Only Game 1 of these NBA Finals has unfolded the way many of us expected the series would — with two teams leveraging their very different strengths in a tight battle of possession-by-possession tradeoffs. Miami’s ultra-aggressive defense, with traps and very early rotations at the rim, would bottle up and confuse San Antonio’s pinpoint passing attack on some possessions. And on others, the Spurs would skip the ball around the court ahead of those rotations, netting themselves open corner 3-pointers or Tony Parker rim runs. With two teams that are so damn good, neither could hope to win these battles in a landslide; whoever won them 55 percent of the time would win each game, and a legacy-changing title.
But only Game 1 has really played out that way. In Game 2, the Spurs took advantage of puzzling Miami breakdowns and appeared ready to steal another road game until we all blacked out and the Heat went up 30. In Game 3, the inexcusable Miami breakdowns continued, and the brilliant Spurs offense sliced up the Heat as a bewildered LeBron James and a sad Dwyane Wade tossed up bricks against San Antonio’s pack-the-paint defense.
And then, Game 4. Holy hell, Game 4. The Heat, save for some early hiccups, played perhaps their cleanest defensive game of the postseason, considering the stakes, location, and opponent. They corralled Parker up top on pick-and-rolls without scrambling themselves out of position, and their rotations along the back line were terrifying both in their ferocity and their precise timing.
We here at Grantland love doing power rankings, and I especially love comic strips. Thus, inspired by this "Dilbert" comic, I present the first-ever Grantland edition of NBA Playoffs Hair Power Rankings (NPHPR for short).
The title is pretty self-explanatory. Opinions may vary; scoring is arbitrary. My friend pulled my arm to get the remote out of my hand earlier so now my head hurts and I'm not thinking clearly. My dog also ate the previous draft of this because he was displeased with my Sager-esque, green paisley blouse. Feel free to yell at me in the comments about any obvious oversights.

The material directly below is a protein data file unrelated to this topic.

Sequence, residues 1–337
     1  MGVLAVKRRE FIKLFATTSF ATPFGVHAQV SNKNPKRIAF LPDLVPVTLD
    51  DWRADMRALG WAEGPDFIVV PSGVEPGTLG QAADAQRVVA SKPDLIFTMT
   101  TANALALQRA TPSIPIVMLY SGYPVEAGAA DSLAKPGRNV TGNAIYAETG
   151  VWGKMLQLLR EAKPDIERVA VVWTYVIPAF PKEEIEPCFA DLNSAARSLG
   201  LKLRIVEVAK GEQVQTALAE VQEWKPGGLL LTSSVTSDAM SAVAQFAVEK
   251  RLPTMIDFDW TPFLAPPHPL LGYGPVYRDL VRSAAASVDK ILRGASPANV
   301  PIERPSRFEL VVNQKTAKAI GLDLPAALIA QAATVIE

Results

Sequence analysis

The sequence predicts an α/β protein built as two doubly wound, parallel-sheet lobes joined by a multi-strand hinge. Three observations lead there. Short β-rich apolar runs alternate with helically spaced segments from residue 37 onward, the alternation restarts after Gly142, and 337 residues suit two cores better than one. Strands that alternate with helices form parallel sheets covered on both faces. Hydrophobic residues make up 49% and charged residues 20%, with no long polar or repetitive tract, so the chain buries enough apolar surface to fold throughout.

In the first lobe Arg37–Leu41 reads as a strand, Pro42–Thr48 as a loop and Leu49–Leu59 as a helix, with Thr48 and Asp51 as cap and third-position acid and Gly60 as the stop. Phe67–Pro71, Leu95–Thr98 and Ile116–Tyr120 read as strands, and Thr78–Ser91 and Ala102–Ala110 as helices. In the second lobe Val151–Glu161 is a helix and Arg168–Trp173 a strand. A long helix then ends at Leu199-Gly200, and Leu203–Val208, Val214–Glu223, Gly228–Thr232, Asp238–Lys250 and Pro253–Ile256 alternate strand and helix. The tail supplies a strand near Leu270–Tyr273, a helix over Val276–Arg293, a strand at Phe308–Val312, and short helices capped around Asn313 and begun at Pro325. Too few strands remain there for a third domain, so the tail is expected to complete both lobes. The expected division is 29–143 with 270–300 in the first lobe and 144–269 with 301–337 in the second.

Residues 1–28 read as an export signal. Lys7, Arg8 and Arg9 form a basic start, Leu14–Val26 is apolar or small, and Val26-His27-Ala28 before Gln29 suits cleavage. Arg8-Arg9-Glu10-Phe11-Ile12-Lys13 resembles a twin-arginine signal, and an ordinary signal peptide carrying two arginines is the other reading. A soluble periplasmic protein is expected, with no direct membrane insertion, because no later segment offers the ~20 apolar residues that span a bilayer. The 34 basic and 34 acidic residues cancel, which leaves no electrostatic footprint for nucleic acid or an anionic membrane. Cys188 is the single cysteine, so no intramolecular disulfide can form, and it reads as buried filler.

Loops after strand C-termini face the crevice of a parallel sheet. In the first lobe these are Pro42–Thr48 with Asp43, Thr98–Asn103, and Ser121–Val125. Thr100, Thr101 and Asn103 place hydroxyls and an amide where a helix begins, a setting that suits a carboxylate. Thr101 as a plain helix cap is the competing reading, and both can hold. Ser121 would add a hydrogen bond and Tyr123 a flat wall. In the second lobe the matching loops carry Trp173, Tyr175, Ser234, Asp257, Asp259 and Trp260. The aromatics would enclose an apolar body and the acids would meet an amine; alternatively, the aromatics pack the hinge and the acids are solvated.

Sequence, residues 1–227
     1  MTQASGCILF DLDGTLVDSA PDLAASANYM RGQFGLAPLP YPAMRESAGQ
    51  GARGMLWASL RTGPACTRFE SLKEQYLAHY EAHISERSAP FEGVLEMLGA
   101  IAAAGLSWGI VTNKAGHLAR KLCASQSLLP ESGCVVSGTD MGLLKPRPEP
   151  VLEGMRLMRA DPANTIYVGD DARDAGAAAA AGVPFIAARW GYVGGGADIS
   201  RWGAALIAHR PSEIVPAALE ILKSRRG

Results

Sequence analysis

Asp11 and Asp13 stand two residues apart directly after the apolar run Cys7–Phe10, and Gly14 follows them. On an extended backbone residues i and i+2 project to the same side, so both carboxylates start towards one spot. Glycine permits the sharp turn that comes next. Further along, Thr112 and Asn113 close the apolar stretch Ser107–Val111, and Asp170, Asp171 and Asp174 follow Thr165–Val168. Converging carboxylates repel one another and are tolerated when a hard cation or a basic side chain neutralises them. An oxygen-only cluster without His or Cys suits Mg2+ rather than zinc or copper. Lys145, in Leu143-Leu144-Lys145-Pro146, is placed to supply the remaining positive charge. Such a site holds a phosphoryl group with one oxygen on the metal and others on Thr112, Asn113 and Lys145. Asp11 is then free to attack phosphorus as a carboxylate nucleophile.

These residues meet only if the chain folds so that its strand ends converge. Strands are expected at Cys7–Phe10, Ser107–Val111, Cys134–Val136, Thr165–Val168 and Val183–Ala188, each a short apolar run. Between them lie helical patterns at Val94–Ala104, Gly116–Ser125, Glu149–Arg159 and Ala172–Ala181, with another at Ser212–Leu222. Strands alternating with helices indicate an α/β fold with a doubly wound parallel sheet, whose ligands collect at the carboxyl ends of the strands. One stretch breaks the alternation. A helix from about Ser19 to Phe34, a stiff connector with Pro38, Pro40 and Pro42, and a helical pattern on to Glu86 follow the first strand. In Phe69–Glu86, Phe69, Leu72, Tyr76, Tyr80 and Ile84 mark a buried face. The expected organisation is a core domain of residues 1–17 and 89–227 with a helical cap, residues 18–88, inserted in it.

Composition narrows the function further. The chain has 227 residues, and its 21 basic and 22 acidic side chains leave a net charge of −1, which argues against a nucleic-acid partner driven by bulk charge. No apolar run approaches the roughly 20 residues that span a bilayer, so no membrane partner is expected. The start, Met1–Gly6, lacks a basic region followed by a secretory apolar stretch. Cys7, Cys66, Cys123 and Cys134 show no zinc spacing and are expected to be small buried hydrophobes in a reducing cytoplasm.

Without further ado …
Honorable Mention: Zach Randolph
Z-Bo would've made this list for real except for the fact that I would be giving him 37/20 points based on the headband alone (-5 for the very average hair). There's a reason it's referred to as a headband. It does not relate to hair. Sorry, Z-Bo, maybe next time. After all, it took LeBron only nine years to win something huge, and he has a headband, too. (That is also one of the reasons Z-Bo gets the Honorable Mention nod and not LeBron; sometimes we just have to learn to share the wealth.) Good things are coming your way, though, Mr. Randolph — I can feel it. Just not today. Total: -5/20
Here’s a sobering thought: The Spurs are 8-2, with the fifth-best point differential in the league, and they are basically screwing around.
OK, that’s an exaggeration. Gregg Popovich rarely screws around, even though it’s delightful when he does. But the Spurs are clearly experimenting, with an eye on reinventing themselves on both ends of the floor by the time the playoffs come around. It seems strange to redesign a team that went 31-2 in the 33 games before the Thunder rallied for four straight wins in the conference finals, but the redesign is happening, and it’s Popovich’s way of recognizing that the team got as far as it could with its pick-and-roll-all-the-time offense and just-above-average defense. The Spurs ran into a more athletic team that did enough defensively to at least limit San Antonio’s pick-and-roll devastation, and they found they didn’t have enough on either end to compensate. The Thunder are still there, the Lakers are a powerhouse-in-waiting, and the Heat should be monstrous in the spring.